Location: Virus and Prion ResearchTitle: Scrapie in swine: a diagnostic challenge
|WEST GREENLEE, M - Iowa State University|
Submitted to: Food Safety
Publication Type: Peer Reviewed Journal
Publication Acceptance Date: 10/5/2016
Publication Date: 12/22/2016
Citation: Greenlee, J.J., Kunkle, R.A., Smith, J.D., West Greenlee, M.H. 2016. Scrapie in swine: a diagnostic challenge. Food Safety. 4(4):110-114.
Interpretive Summary: Scrapie is a fatal disease of sheep and goats that causes damaging changes in the brain. The infectious agent is an abnormal protein called a prion that has misfolded from its normal state. Whether scrapie can transmit to other livestock such as swine is unknown. This study evaluated the potential of pigs to develop scrapie after either intracranial or oral inoculation. Our data indicates that swine do accumulate the abnormal prion protein associated with scrapie if allowed to incubate for long periods of time (51 months) after intracranial inoculation. While pigs inoculated orally did not have positive proof of scrapie infection when brain tissues were subjected to traditional diagnostic methods, bioassay of brain material in transgenic mice expressing the porcine prion protein were positive. This finding demonstrates that there is scrapie-associated infectivity in the brains of pigs that were exposed orally to the scrapie agent. Currently, swine rations in the U.S. could contain animal derived components including materials from sheep and goats. This information is useful to individuals in the sheep and goat and swine industries. These findings could impact future regulations for the disposal of offal from sheep and goats and U.S. regulators should carefully consider the new information from this study before relaxing feed ban standards designed to control potentially feed borne prion diseases.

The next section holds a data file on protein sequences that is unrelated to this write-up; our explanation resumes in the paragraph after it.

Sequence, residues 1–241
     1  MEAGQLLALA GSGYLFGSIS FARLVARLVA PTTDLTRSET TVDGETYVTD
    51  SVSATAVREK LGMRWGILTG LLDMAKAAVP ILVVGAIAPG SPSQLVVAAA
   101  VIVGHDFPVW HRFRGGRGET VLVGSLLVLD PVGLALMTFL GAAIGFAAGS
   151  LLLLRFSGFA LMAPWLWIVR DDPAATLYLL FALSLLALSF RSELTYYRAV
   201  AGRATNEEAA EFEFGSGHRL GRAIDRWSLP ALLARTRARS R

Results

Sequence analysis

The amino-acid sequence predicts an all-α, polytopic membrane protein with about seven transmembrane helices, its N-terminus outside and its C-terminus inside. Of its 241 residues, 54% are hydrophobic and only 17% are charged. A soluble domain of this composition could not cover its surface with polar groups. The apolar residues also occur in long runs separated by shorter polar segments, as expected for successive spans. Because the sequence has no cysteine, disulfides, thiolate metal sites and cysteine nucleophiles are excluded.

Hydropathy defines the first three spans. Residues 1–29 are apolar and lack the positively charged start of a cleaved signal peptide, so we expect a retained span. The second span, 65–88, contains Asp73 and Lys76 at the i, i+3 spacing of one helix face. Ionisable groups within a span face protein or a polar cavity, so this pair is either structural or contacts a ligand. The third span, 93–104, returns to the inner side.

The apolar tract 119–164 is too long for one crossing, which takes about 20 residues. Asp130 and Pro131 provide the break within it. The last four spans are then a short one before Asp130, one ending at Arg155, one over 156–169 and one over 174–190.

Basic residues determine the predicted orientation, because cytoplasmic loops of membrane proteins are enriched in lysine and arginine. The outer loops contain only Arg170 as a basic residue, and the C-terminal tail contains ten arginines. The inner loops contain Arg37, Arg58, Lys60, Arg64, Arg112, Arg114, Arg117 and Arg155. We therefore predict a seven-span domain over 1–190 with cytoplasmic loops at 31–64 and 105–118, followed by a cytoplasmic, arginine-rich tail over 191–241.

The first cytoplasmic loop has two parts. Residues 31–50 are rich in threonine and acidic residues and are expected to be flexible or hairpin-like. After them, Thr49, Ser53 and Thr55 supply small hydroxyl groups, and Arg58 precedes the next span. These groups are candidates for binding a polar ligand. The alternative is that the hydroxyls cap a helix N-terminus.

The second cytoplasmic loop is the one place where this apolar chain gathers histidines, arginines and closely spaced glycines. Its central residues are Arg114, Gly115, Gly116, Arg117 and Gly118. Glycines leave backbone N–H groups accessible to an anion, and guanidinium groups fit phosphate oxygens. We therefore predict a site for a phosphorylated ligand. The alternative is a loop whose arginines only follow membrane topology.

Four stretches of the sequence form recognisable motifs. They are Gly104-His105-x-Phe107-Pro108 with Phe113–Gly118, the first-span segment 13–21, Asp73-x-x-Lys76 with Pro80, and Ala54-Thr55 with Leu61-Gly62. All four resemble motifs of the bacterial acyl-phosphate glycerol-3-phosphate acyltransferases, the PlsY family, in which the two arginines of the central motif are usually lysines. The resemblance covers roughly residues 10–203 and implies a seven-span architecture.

Technical Abstract: A naturally occurring prion disease has not been recognized in swine, but the agent of bovine spongiform encephalopathy does transmit to swine by experimental routes. Swine are thought to have a robust species barrier when exposed to the naturally occurring prion diseases of other species, but the susceptibility of swine to the agent of sheep scrapie has not been thoroughly tested. We conducted this experiment to test the susceptibility of swine to U.S. scrapie isolates by intracranial and oral inoculation. Scrapie inoculum was a pooled 10% (w/v) homogenate derived from the brains of clinically ill sheep from the 4th passage of a serial passage study of the U.S scrapie agent (No. 13-7) through susceptible sheep (homozygous ARQ at prion protein residues 136, 154, and 171, respectively). Pigs were inoculated intracranially (n=19) with a single 0.75 ml dose or orally (n=24) with 15 ml repeated on 4 consecutive days. Necropsies were done on a subset of animals at approximately six months post inoculation (PI): the time the pigs were expected to reach market weight. Remaining pigs were maintained and monitored for clinical signs of TSE until study termination at 80 months PI or when removed due to intercurrent disease (primarily lameness). Brain samples were examined by immunohistochemistry (IHC), western blot (WB), enzyme immunoassay (EIA), and for a subset of pigs in each inoculation group, bioassay in mice expressing porcine prion protein. At six-months PI, no evidence of scrapie infection was noted by any diagnostic method. However, at 51 months of incubation or greater, 5 animals were positive by one or more methods: IHC (n=4), WB (n=3), or EIA (n=4). Furthermore, positive bioassay results were obtained from all inoculated groups (oral and intracranial; market weight and end of study) suggesting that swine are potential hosts for the agent of scrapie.